Well, maybe you see where I am going. AMC now is like a house I grew up in, but that I haven't lived in for 25 years. The house is no longer mine. So, I no longer even really want to live there. I've moved on.

I might feel differently if the house--AMC--had much semblance of how it used to be. But most of my touchstones--Ruth (Mary Fickett), Phil, Tara, Chuck, Phoebe, Charles, Linc, Kitty, Kelly, Mona, Erica (she's still there!)...and later Palmer (barely there), Monique, Nina, Cliff, Sybil, Greg, Jenny, Jesse and Angie (back!), Tad (well, I guess he's still there), Marion, Liza--are gone. Indeed, there has been SO much attrition from my era that going back is almost a little like visiting a serves as a palpable reminder of what I once had, and what no longer exists...and so rather than the few remaining veterans capturing me, they serve more as sepulchral reminders of death and loss. Not really fun.

Well, now with the passing of Myrtle, my ancestral home is even more different, less inviting. The crypt of my memories has yet another member.

This sounds like a selfish kind of mourning...and it is. It is all about my personal connection to what AMC used to be, and my sadness to have lost it. I mourn not only Ms. Herlie, and Myrtle, and all the characters of my youth...I also mourn what daytime used to be. When I was a child, I distinctly remember being MOST captivated, of all the stories, by loud drunken Phoebe and wooden stoic Charles and poor hapless Mona. Here you had a trio of sextagenarians in a bona fide (if chaste) love triangle, and it was a rip-snorting blast! Such fun to watch. Ruth Warrick and Eileen Herlie burned up the screen whenever they were on together, sparring, trading insults. It was grand, grand entertainment.

That day shall never come again. These weren't "veterans". They were HIRED as "old people", but played on the front burner! Now, soaps no longer play their vets...and they surely don't hire "old people".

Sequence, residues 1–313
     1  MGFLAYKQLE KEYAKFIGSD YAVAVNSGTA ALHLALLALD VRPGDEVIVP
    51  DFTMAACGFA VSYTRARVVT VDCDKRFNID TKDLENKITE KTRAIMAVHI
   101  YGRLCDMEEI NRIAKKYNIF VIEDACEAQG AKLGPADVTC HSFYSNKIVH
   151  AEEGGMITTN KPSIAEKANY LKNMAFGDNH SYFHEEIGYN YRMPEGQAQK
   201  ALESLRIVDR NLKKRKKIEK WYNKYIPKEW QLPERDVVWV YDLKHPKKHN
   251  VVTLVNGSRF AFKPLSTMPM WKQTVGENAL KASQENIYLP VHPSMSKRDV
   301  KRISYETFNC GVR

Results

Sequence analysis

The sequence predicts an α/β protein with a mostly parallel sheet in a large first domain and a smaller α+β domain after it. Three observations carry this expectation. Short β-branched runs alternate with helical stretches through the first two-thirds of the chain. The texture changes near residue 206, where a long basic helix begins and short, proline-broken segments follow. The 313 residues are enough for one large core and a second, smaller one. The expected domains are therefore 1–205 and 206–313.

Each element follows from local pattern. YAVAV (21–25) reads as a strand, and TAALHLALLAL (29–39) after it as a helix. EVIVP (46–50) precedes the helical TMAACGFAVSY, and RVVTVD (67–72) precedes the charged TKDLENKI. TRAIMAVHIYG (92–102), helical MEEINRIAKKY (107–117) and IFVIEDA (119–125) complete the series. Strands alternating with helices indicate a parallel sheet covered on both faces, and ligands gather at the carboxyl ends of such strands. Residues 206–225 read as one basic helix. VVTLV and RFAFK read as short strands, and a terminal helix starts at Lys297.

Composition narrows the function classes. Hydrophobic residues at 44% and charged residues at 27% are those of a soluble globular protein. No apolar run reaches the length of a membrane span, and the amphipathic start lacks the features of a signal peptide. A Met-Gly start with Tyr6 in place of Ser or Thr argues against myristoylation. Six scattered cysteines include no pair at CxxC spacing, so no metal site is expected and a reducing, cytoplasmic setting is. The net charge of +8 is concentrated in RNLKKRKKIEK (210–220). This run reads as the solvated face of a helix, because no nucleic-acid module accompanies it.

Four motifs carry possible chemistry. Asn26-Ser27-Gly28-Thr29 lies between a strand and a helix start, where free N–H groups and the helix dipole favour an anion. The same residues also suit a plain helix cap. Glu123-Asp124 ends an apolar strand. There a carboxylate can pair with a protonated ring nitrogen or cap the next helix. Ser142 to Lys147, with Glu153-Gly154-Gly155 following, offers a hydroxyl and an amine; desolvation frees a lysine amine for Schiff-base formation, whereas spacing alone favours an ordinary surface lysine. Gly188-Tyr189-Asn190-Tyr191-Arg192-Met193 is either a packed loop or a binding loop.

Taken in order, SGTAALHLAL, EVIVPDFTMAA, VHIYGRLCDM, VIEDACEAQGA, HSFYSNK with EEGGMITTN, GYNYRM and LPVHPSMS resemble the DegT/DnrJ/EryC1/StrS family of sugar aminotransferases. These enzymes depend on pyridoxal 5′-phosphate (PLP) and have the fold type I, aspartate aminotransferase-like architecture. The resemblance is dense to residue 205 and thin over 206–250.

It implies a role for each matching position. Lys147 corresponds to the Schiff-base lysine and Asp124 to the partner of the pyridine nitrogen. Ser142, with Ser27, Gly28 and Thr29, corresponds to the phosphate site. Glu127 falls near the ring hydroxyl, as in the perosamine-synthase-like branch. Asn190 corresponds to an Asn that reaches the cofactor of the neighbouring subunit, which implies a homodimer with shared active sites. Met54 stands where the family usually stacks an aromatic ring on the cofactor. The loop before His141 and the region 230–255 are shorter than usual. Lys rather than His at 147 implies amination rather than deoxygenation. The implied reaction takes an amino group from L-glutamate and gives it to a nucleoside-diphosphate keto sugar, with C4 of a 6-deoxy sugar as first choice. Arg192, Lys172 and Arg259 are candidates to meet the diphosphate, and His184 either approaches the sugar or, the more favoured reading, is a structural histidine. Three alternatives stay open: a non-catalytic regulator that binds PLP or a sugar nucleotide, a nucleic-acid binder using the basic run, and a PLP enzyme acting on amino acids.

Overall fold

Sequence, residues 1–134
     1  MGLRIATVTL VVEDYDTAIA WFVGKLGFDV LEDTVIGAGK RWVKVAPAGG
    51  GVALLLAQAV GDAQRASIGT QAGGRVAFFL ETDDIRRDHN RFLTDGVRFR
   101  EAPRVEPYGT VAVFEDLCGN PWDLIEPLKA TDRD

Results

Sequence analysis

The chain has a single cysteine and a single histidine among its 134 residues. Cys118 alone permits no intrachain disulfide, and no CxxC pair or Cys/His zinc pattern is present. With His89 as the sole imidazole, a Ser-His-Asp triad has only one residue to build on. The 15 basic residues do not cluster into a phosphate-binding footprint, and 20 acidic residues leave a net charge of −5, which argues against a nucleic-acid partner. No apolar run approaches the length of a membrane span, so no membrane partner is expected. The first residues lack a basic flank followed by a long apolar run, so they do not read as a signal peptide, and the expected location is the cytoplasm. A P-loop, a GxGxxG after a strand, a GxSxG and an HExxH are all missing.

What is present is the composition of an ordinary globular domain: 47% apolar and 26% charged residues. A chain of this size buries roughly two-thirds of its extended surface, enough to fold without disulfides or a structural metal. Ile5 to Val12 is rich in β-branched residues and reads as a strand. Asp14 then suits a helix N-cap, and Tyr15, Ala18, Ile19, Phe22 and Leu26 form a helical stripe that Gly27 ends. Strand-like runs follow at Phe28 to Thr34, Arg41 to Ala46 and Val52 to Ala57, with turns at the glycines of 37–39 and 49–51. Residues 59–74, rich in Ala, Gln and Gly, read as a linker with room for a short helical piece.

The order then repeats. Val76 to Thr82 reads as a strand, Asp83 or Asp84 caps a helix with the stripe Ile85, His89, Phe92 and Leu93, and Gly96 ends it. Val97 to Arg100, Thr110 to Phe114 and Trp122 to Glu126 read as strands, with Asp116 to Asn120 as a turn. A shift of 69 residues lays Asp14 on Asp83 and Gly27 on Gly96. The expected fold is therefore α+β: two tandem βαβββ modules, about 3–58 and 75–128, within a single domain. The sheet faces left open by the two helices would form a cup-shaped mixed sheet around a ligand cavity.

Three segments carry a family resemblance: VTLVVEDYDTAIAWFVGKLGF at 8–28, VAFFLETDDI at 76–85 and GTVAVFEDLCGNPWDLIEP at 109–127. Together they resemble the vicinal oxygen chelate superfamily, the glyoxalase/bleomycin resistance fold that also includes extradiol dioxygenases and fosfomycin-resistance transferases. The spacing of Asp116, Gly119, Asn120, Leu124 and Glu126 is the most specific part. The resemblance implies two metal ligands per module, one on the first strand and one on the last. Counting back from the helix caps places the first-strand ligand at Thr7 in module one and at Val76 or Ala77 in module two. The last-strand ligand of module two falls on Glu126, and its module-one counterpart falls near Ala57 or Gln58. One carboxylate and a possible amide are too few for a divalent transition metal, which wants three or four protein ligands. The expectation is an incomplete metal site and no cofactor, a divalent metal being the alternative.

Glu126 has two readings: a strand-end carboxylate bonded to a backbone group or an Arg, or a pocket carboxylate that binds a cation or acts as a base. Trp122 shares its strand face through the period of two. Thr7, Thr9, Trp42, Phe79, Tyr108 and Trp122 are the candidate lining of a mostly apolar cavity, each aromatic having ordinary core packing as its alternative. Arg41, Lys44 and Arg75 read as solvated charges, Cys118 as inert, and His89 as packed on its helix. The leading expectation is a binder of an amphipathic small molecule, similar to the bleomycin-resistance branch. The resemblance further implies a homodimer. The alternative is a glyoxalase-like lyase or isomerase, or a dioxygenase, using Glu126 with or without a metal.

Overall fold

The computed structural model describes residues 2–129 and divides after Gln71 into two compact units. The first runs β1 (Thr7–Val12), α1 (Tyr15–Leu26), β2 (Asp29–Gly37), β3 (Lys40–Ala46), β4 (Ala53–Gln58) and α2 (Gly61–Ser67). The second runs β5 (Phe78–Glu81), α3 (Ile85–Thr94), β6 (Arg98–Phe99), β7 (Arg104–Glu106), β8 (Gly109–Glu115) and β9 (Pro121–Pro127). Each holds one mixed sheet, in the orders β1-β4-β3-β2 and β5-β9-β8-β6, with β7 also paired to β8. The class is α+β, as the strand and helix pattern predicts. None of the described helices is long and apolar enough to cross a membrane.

It is our loss.

We shall never enjoy the sublime and unique entertainments of a woman like Eileen Herlie on daytime again.

I have written here, and elsewhere, that Y&R is really the only soap to still own my loyalty. Part of the reason is that that is a home I never left. I have watched pretty continuously since the show's debut. But, in addition, that is a home--a dramatic canvas--that still bears a strong similarity to the canvas I enjoyed 25 years ago. Same actors, same characters, same sets, same music, even some of the same historical threads. With every day that passes, I realize what a gift this continuity is...and that this, too, shall never be again.

I shall miss Eileen Herlie. I wish her great peace in her transition. Yet, in a different sense, I have this gift so beautiful it gives me goosebumps as I type this. Because Myrtle Lum Fargate shall live on for as long as I do. I will always hear that loud, deep, throaty voice and that lilting accent. I shall always remember Kitty and Kelly calling her mama. I shall always delight in her impish manipulation of Lenny/Langley. Those things truly, truly shall endure for me, and make me smile every time I think of them. For this gift, I thank you Ms. Herlie, I thank you Ms. Nixon, I thank you ABC.

Wednesday, October 1, 2008

Applauding the experiments

It has become quite conventional to deride and complain about ... well ...everything on soaps. For me, though, this past year has also been a time of optimism and hope. The powers in charge are NOT giving up. Indeed, they are doing the opposite. They are still experimenting, and seeking new ways of making soaps viable in the modern era. I think this is laudable. Here, I want to briefly give thanks for some of the many innovations from this year...and the past...that I think we could look at as "glass half full".

Soapnet still broadcasts soaps in primetime

Many have decried the fact that cheap reality shows and old reruns (90210!) and bad TV movies proliferate at the modern Soapnet. Gone are classic soaps (Port Charles doesn't count, and is anyone waking up at 5 am to see Ryan's Hope?). Reduced are weekend marathons.

But here's the thing: From 7 pm - midnight, PRIMETIME, we still see same day soaps. These are timeslots that help soaps flourish in many other countries in the world. Soapnet has remained committed to them.

We cannot fault the network for the fact that soaps have proven, in the main, unprofitable. It is to their credit that they are being flexible, adapting the brand to bring eyeballs to the network (and stay solvent). Indeed, if they succeed, their promotions may bring eyeballs back to the "mothership", the daytime brand. I do not understand all this Soapnet anger. It seems people WANT the network to be unprofitable.